Larry Sanger seems to have a thing about free online encyclopedias. Although his main claim to fame is as the co-founder, along with Jimmy Wales, of Wikipedia, that is just one of several projects to produce large-scale, systematic stores of human knowledge he has been involved in.
Sanger's love of philosophy and epistemology - the study of the nature and scope of knowledge - began around the age of 16. His PhD, from the University of Ohio, concerned "epistemic circularity", and it was as this was nearing completion that he started thinking about less abstruse matters - like earning money.
In 2000, he drew up a business proposal and sent it to a few people, one of whom was Wales, whom he had known from philosophy mailing lists in the mid-90s. "He saw that I was essentially looking for employment online and he was looking for someone to lead Nupedia ... Nupedia wasn't there at all, in fact it was just the vaguest of ideas. Jimmy was frustratingly brief in his instructions, he simply wanted an encyclopedia that everyone could contribute to and that would be released under what he called an open content licence."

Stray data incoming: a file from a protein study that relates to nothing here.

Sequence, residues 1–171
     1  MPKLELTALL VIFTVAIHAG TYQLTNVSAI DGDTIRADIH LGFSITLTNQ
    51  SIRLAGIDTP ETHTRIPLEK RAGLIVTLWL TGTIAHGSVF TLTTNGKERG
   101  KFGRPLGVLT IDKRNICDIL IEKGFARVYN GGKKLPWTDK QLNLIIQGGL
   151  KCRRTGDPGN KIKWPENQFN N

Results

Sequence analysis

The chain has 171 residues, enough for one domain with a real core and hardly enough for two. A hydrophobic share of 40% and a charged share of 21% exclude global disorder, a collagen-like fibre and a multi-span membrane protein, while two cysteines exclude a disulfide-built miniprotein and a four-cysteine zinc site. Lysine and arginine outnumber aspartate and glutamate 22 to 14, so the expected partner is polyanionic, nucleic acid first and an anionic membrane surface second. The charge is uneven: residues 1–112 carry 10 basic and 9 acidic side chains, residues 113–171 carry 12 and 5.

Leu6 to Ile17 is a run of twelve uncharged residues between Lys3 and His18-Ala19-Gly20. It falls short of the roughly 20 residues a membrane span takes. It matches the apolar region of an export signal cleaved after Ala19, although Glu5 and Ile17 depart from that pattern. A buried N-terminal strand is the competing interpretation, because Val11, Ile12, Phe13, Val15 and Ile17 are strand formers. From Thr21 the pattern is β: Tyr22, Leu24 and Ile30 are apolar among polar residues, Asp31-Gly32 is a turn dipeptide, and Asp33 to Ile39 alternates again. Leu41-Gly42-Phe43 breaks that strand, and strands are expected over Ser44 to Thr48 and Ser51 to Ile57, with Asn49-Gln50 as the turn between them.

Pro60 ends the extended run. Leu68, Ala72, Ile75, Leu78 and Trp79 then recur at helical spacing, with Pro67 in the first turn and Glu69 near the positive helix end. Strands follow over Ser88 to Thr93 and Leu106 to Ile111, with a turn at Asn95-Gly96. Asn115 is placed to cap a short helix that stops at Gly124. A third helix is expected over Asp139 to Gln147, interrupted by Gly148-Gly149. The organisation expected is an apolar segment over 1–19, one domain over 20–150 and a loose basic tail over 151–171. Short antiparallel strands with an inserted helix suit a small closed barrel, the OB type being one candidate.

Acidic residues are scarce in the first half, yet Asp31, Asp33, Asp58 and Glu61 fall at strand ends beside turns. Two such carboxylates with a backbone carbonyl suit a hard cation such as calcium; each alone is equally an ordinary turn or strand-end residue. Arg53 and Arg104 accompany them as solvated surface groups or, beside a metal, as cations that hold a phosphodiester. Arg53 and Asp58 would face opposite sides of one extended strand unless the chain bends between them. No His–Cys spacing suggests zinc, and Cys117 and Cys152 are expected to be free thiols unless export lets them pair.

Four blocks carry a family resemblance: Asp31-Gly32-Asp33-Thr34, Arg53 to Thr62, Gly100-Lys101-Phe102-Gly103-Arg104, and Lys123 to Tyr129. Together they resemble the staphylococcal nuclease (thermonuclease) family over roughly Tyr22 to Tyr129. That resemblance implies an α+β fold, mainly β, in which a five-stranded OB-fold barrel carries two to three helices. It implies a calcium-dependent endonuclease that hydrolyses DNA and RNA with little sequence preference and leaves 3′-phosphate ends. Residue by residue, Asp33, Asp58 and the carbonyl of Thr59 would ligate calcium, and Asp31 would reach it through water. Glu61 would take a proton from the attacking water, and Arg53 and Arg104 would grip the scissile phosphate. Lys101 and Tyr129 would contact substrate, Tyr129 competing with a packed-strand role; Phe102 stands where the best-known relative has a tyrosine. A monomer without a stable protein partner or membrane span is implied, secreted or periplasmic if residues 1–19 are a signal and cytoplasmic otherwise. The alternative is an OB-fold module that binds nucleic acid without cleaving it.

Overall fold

The basic concept came from the open directory project Dmoz (http://dmoz.org), short for Directory Mozilla. This volunteer effort to create a free version of Yahoo's hierarchical listings began in 1998 under the name Gnuhoo - which was inspired by GNU/Linux - before turning into Newhoo. It was acquired by Netscape and released as open content.
One of Sanger's tasks was to recruit academic volunteers to write, edit and organise entries. All the information was carefully peer-reviewed - creating an entry was a seven-step process. This ensured rigour but also throttled the rate of production. This problem was evident as early as the summer of 2000, a few months after it had been designed.
While casting around for a way to speed up article production, Sanger met with Ben Kovitz, an old friend, in January 2001. Kovitz introduced Sanger to the idea of the wiki, invented in 1995 by Ward Cunningham: web pages that anyone could write and edit. "My first reaction was that this really could be what would solve the problem," Sanger explains, "because the software was already written, and this community of people on WikiWikiWeb" - the first wiki - "had created something like 14,000 pages". Nupedia, by contrast, had produced barely two dozen articles.